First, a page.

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Could some one help me to draw the following picture with Latex ( using only 1 picture) ? Thank you SO MUCH for your help.

enter image description here

  • 8
    Welcome to TeX.SX. Questions about how to draw specific graphics that just post an image of the desired result are really not reasonable questions to ask on the site. Please post a minimal compilable document showing that you've tried to produce the image and then people will be happy to help you with any specific problems you may have. See minimal working example (MWE) for what needs to go into such a document. – erik Apr 28 '15 at 20:52
  • Dear Erik, I am pretty new with Latex and to bo honest I don't know where to start beside searching on Google but I cannot not find an answer on it. – duy nguyen Apr 28 '15 at 21:18
  • What you need is called TikZ. Your simple drawing is covered in the tutorial of the manual: texample.net/media/pgf/builds/pgfmanualCVS2012-11-04.pdf – hpekristiansen Apr 28 '15 at 21:24
  • Although the tikz manual makes 800 pages, you should get to the point easily by looking at chapter 19. Trees are commons in tikz, see for instance texample.net/tikz/examples/feature/trees . – Clément Apr 28 '15 at 21:27
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Here's an example of how to get started. I think it should make it clear enough how to continue to get the diagram you want.

\documentclass[border=10pt]{standalone}
\usepackage{tikz}
\usetikzlibrary{calc}
\begin{document}

\begin{tikzpicture}[my midway label/.style={midway,yshift=1.5in}]

  %% case 1
  \node[anchor=east] (A/left)         at (0,0)                  {$x$};
  \node[anchor=west] (A/right)        at ($(A/left)+(1in,0)$)   {$x$};
  \node[anchor=west] (A/right/up/1)   at ($(A/right)+(0,1in)$)  {$x+dx$};
  \node[anchor=west] (A/right/down/1) at ($(A/right)+(0,-1in)$) {$x-dx$};

  \path (A/left) -- (A/right) node [my midway label] {Case 1};

  \draw[blue] (A/left) -- (A/right);
  \draw[red]  (A/left) -- (A/right/up/1.west);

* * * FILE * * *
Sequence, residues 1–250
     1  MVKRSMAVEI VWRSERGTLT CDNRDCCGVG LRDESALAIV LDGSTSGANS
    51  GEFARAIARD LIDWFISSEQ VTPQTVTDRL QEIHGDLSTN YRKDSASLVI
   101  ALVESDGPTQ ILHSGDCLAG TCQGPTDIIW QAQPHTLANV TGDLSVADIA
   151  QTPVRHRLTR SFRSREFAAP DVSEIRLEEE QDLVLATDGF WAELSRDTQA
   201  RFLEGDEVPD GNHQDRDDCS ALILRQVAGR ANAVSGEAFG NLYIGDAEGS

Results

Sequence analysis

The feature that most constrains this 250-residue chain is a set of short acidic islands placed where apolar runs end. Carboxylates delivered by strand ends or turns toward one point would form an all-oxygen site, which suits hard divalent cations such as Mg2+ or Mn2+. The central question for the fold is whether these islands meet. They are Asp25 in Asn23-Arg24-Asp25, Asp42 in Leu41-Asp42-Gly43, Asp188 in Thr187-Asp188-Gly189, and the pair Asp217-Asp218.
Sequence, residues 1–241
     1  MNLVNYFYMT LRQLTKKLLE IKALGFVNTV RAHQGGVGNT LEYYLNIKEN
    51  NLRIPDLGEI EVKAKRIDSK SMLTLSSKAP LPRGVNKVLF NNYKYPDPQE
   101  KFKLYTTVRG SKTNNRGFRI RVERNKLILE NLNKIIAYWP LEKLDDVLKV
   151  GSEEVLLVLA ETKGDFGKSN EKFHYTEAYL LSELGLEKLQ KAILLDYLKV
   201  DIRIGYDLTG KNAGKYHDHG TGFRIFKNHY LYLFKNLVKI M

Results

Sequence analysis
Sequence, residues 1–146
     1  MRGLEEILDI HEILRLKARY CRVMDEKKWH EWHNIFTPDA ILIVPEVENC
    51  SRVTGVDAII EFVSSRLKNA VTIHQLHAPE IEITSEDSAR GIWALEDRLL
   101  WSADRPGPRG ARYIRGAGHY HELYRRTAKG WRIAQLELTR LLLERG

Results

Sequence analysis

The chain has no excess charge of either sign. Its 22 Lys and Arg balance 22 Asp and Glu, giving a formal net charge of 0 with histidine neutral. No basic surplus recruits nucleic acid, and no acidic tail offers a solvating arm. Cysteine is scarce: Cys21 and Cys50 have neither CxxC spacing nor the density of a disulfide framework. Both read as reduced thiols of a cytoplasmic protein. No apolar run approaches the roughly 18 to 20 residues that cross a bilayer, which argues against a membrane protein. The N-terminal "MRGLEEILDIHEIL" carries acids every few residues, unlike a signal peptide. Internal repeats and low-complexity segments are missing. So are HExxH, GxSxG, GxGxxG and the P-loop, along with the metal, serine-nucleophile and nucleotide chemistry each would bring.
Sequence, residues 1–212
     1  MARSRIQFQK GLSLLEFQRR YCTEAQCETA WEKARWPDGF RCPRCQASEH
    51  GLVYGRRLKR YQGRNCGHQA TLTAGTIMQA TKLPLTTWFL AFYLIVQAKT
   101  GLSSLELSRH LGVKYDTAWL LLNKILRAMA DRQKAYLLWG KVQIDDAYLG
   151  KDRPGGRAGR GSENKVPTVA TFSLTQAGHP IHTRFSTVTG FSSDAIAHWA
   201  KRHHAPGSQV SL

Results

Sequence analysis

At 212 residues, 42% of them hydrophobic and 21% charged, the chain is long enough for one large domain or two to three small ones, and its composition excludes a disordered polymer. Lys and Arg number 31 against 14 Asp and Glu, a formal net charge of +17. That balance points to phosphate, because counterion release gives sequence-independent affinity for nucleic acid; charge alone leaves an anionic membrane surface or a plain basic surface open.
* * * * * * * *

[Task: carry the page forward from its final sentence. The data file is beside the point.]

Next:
\draw[red]  (A/left) -- (A/right/down/1.west);

  %% case 2
  \node[anchor=east] (B/left)         at ($(A/right)+(1in,0)$) {$x$};
  \node[anchor=west] (B/right)        at ($(B/left)+(1in,0)$)  {$x$};

  \path (B/left) -- (B/right) node [my midway label] {Case 2};

  \draw[blue] (B/left) -- (B/right);
\end{tikzpicture}

\end{document}

enter image description here

There are other ways of doing this as suggested by @clement . But this approach will help familiarize yourself with some basics of TikZ.

I'll explain a few of the details here:

node syntax

\node[<optional arguments>] (<optional node name>) at (<position>) {<content>};

The one part of this syntax that you cannot omit is the content.

I use the power of the calc library to help place nodes relative to each other. That's what's happening when I write:

at ($(<previously defined node name>)+(<vector>)$)

When I opened the tikzpicture environment, I defined my own private style. This is a way of helping manage the picture. The idea is that I'm going to define a node between two points along a path and then shift it in the $y$ direction.

In this case, I used a particular instance of path syntax:

\path (<1st node name>) -- (<2nd node name>) node[<optional argument] {<content>};

Note that in this case node is not a control sequence but just a bare word.

  • 1
    +1 for the long vary gracious tikz introduction for a newbie. – Ethan Bolker Apr 29 '15 at 0:16

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